Sunday, August 19, 2007

Canceling the Marginal Section

Enrollments are down at the Maricopa Community Colleges and as a result, a number of sections have been cancelled. So how does a college determine how many sections to cancel?

The way economists answer that question is to do some marginal cost analysis. Since decisions are made at the margin, it is the best way to predict behavior.

To make a rational choice you compare marginal cost to marginal benefit. If the marginal benefit is greater than the marginal cost, you are better engaging in the activity so you do it. If the marginal cost is greater than the marginal benefit, you would be worse off, so you don't. So let's look at the marginal cost and marginal benefit of offering one more (or one less) section.

The marginal section is taught by adjunct faculty. At Mesa Community College there are about 900 adjuncts and just over 300 residential faculty. About 60% of sections are taught by adjuncts. The salary for an adjunct is $766 per load hour. A load hour and a credit hour are the same for most classes, labs being the exception. For a 3 credit hour course like ECN 212, Principles of Microeconomics, the adjunct salary is $2,298. In addition, there are some incremental overhead costs - payroll taxes, classroom HVAC, copies, secretarial support, IT support... Those things add up so lets call the incremental cost of a section $3,000 to $3,500.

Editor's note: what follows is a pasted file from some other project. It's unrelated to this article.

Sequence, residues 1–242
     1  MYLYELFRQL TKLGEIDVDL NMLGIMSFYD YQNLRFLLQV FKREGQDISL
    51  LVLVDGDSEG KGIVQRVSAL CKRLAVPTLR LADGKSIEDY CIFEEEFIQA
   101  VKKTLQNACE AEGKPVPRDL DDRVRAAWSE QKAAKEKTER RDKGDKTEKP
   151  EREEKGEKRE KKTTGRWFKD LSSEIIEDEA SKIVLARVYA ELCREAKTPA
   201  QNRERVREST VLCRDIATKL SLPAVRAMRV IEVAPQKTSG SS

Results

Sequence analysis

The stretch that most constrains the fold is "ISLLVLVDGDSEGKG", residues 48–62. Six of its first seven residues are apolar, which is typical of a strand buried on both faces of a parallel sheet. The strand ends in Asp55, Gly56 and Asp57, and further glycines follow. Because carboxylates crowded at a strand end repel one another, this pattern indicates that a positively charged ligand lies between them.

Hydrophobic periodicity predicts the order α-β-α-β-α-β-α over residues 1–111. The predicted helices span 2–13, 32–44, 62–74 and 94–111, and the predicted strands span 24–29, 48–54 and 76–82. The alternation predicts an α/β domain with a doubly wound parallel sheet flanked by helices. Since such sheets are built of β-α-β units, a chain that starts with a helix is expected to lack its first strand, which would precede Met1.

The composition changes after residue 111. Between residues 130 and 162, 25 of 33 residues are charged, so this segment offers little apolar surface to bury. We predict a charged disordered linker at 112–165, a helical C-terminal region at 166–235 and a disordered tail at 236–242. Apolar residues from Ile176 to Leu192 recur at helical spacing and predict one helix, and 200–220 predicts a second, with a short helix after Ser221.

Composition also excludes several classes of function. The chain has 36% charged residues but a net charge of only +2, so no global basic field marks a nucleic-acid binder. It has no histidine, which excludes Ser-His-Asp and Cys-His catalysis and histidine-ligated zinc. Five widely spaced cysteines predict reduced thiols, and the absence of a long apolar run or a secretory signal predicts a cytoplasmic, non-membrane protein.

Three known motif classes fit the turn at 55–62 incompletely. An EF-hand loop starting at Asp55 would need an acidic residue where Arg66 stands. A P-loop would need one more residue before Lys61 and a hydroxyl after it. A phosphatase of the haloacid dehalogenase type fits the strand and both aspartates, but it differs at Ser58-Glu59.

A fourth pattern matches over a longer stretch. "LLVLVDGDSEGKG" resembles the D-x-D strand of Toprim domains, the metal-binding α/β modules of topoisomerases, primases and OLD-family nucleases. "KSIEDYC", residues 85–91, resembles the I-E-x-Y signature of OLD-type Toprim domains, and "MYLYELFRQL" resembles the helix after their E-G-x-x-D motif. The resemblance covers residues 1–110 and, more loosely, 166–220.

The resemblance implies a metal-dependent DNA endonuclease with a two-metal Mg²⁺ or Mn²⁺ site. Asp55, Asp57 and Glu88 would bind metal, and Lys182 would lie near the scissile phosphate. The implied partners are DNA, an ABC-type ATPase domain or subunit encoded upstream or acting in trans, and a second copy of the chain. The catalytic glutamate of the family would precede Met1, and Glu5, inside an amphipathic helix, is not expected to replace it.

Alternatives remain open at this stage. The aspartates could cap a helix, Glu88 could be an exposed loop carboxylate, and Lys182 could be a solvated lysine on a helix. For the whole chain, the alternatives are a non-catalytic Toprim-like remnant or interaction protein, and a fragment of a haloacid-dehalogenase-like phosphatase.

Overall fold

The marginal benefit to the college of an additional section is the additional revenue it generates. That comes from three sources, tuition, district funding, and state funding. Tuition is $65 per credit hour, or $195 for a 3 hour class. Using tuition only, a class needs 12 students to cover adjunct faculty salary (12 x $195 = $2,340). It needs 15 students to cover salary plus $700 in incremental overhead (15 x $195 = $2,925).

Now you’ll argue that I’ve left out the incremental funding from the district, which is true. But is there really any incremental funding available? Most of the district’s revenue comes from property taxes. Those are independent of enrollment. It is what it is. If one college gets more by having more sections with smaller class sizes, then another college gets less. They will react by doing exactly what the other college did. Since the total size of the pie doesn’t get bigger (just because enrollment did) district funding per student has to fall. Hence, in the long run, there is no incremental funding per student available from the district. (This is called a zero sum game.)

Now you can make exactly the same argument about the state subsidy. You just have to do it at the district level rather than the college level. (This is left as an exercise for the reader.)

So how does a college determine which sections to cancel? Based on the marginal cost analysis, the college is making a rational choice when it cancels sections with less than 15 students.

(Please note that I am not privy to any business deliberations made by any of the colleges. I do not know their specific costs beyond the publicly available information. I do not know if the colleges are actually using marginal analysis to make their decisions. However, as an economist, I do know that marginal analysis accurately predicts behavior.)

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